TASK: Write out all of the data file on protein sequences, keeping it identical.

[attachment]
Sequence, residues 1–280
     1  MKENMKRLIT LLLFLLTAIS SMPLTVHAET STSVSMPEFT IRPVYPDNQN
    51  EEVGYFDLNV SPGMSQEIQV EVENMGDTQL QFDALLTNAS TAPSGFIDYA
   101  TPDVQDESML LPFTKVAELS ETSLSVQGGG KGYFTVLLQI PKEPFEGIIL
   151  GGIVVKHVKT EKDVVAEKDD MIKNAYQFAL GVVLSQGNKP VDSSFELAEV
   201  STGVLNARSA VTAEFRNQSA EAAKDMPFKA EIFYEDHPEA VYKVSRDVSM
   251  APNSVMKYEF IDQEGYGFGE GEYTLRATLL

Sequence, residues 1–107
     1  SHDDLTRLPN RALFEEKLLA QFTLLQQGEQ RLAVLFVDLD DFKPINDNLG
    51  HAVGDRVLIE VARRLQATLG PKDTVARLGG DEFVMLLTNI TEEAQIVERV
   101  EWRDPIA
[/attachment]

Sequence, residues 1–280
     1  MKENMKRLIT LLLFLLTAIS SMPLTVHAET STSVSMPEFT IRPVYPDNQN
    51  EEVGYFDLNV SPGMSQEIQV EVENMGDTQL QFDALLTNAS TAPSGFIDYA
   101  TPDVQDESML LPFTKVAELS ETSLSVQGGG KGYFTVLLQI PKEPFEGIIL
   151  GGIVVKHVKT EKDVVAEKDD MIKNAYQFAL GVVLSQGNKP VDSSFELAEV
   201  STGVLNARSA VTAEFRNQSA EAAKDMPFKA EIFYEDHPEA VYKVSRDVSM
   251  APNSVMKYEF IDQEGYGFGE GEYTLRATLL

Sequence, residues 1–107
     1  SHDDLTRLPN RALFEEKLLA QFTLLQQGEQ RLAVLFVDLD DFKPINDNLG
    51  HAVGDRVLIE VARRLQATLG PKDTVARLGG DEFVMLLTNI TEEAQIVERV
   101  EWRDPIA